On Tuesday, the faculty senate of the College of Charleston convened for the first time in many years to discuss concerns with the school’s budget from the past fiscal year. The seats of the Wells Fargo Auditorium filled quickly with faculty and staff. A panel of four experts sat at the front, including Executive Vice President of Business Affairs Steve Osborn, Assistant Vice President for Admissions and Financial Aid Jimmie Foster, Senior Vice President and Chief Information Officer Robert Cape and Director of Athletics Joe Hull. Each expert presented information on their particular field of expertise as it related to the College’s budget, followed by a question and answer period for the faculty senate. President Glenn McConnell started out the meeting with a few words.
In his opening speech, McConnell assured the attendees that “the College is not in financial jeopardy,” and that “we are making these adjustments to remain fiscally sound going forward.” McConnell also dispelled the rumors of enrollment issues at the College, citing data given by the Office of Admissions. “It is clear that students want to come to the College of Charleston.” He closed his speech reminding the faculty that only through shared governance can decisions be reached that will help the College reach its goals.
After President McConnell addressed the faculty, the four panelists stood up one by one to present their data to the attendees. First up was Steve Osborn, who broke down the school’s budget and explained where the College’s operational finances come from. He revealed that by far the greatest source of income for the school was tuition, at $160,000,000.
Jimmie Foster was next, showing data from the Office of Admissions on student enrollment on both resident and non-resident students. The numbers revealed rising tuition costs over the years, with resident enrollment numbers rising and non-resident numbers holding steady. Ultimately, Foster’s data concluded that while the College is not lacking in application numbers, there has been a fall in total yield of students year to year. In other words, less students are enrolling – and staying – at the College of Charleston.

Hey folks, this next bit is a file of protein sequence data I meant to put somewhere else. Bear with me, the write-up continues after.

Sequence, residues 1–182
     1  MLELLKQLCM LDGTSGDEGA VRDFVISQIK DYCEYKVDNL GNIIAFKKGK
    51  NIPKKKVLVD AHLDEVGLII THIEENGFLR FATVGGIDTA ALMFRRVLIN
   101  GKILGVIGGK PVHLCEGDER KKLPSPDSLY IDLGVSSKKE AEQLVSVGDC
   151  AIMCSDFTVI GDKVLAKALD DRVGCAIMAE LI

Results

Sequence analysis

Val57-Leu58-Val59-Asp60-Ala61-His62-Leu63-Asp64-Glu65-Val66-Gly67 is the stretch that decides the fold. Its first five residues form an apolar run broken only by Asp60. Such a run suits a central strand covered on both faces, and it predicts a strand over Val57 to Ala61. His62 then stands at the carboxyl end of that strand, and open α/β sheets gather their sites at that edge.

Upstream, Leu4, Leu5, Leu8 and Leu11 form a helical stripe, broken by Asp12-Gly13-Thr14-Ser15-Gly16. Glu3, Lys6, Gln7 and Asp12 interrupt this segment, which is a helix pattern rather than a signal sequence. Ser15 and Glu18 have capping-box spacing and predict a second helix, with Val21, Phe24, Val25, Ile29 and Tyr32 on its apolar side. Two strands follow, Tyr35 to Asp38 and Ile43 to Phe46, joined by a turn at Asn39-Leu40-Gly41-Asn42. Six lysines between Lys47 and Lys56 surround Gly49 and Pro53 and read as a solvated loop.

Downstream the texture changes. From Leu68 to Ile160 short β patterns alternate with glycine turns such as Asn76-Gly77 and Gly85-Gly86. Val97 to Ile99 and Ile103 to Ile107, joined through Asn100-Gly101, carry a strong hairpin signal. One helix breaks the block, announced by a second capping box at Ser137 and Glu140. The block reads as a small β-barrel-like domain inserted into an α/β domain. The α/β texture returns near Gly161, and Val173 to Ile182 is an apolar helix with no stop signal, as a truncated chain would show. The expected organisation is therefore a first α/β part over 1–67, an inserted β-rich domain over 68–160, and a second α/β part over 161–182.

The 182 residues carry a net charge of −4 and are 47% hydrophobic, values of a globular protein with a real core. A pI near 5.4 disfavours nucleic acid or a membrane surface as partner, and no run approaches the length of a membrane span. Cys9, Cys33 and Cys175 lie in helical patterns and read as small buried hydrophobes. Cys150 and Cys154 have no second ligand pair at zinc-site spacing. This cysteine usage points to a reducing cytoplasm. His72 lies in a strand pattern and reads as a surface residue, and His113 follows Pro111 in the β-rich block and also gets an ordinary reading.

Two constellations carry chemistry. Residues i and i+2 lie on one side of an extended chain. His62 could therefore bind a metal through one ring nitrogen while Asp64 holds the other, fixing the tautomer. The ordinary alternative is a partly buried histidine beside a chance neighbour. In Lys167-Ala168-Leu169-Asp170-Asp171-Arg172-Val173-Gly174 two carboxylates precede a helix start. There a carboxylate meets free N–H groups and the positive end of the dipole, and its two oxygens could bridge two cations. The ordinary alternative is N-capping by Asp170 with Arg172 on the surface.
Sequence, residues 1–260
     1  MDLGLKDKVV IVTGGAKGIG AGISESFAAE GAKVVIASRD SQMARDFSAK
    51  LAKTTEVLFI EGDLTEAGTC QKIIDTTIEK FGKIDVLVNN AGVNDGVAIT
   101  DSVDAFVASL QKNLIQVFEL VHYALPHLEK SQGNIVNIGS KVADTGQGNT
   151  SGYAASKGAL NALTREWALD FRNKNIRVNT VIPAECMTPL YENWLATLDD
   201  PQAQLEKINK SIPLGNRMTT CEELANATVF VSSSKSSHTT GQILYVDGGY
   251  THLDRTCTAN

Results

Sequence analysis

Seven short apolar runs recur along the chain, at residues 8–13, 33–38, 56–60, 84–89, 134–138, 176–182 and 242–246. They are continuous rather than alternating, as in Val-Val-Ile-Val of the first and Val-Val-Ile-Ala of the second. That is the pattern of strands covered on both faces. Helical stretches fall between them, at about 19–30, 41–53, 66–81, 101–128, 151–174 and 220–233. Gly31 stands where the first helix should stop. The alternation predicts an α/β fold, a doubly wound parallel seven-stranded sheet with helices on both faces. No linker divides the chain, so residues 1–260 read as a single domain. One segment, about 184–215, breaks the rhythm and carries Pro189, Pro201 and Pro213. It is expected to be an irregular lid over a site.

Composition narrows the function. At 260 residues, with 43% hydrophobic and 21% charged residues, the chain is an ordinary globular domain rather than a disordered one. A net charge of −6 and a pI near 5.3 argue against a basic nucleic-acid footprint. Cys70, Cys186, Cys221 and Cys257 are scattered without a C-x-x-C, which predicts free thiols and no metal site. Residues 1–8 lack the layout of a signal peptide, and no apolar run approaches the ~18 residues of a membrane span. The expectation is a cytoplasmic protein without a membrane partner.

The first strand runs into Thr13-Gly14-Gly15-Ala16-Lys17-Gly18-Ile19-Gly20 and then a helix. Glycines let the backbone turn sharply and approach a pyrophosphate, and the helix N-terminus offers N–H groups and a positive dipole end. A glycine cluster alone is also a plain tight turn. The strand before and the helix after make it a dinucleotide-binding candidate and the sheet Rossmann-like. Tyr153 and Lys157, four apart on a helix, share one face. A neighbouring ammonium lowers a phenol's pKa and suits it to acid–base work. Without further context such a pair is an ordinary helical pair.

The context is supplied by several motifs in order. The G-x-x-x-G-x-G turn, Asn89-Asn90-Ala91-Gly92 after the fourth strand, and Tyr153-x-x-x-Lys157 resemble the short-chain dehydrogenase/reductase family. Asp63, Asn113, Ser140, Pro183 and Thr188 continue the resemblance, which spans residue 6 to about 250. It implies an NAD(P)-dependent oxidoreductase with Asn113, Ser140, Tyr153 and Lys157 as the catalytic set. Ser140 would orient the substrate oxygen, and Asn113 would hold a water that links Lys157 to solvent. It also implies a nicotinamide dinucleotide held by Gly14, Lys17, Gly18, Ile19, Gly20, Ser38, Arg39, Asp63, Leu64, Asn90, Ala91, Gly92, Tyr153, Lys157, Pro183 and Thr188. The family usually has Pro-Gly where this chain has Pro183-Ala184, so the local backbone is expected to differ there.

Third on the panel was Robert Cape, who addressed specific faculty queries on budget goals and usages. Cape revealed that over the last 10 years, the primary goal of the College’s budget has been to build an information technology organization designed to be used by faculty and to make staff more successful at their jobs overall.
Finally, Joe Hull concluded by presenting information on the various successes and challenges with the athletic budget, discussing primarily the asset that the athletes are to our school as a whole. Once Hull concluded, the floor was open for questions by the faculty.
During the questions, faculty members voiced their concerns with budget deficits, particularly those of the athletics department. One faculty member pointed out that 12% of student fees goes toward athletics at the College of Charleston, asking Athletic Director Hull “at what point is this too much to ask every student to pay, not so they can use the gym, but so that these teams can all exist?”
Hull responded “if you look at schools that look like us, we are charging in the bottom half of public schools in the Colonial Athletic Association, we are cognizant of the issue and try every year to keep costs down.”
Another faculty member highlighted the concern of a $600,000 deficit three years ago in 2012 by the Department of Athletics, asking Hull why the department overspent by that much. Hull informed that the seemingly large deficit was due to an exit fee charged by the Southern Conference when the College left and joined the Colonial Athletic Association. He assured the faculty that although it looked like a deficit from an accounting standpoint, the money was, in fact, there beforehand.
Students continue to wait for more information as the budgeting of their tuition dollars continues.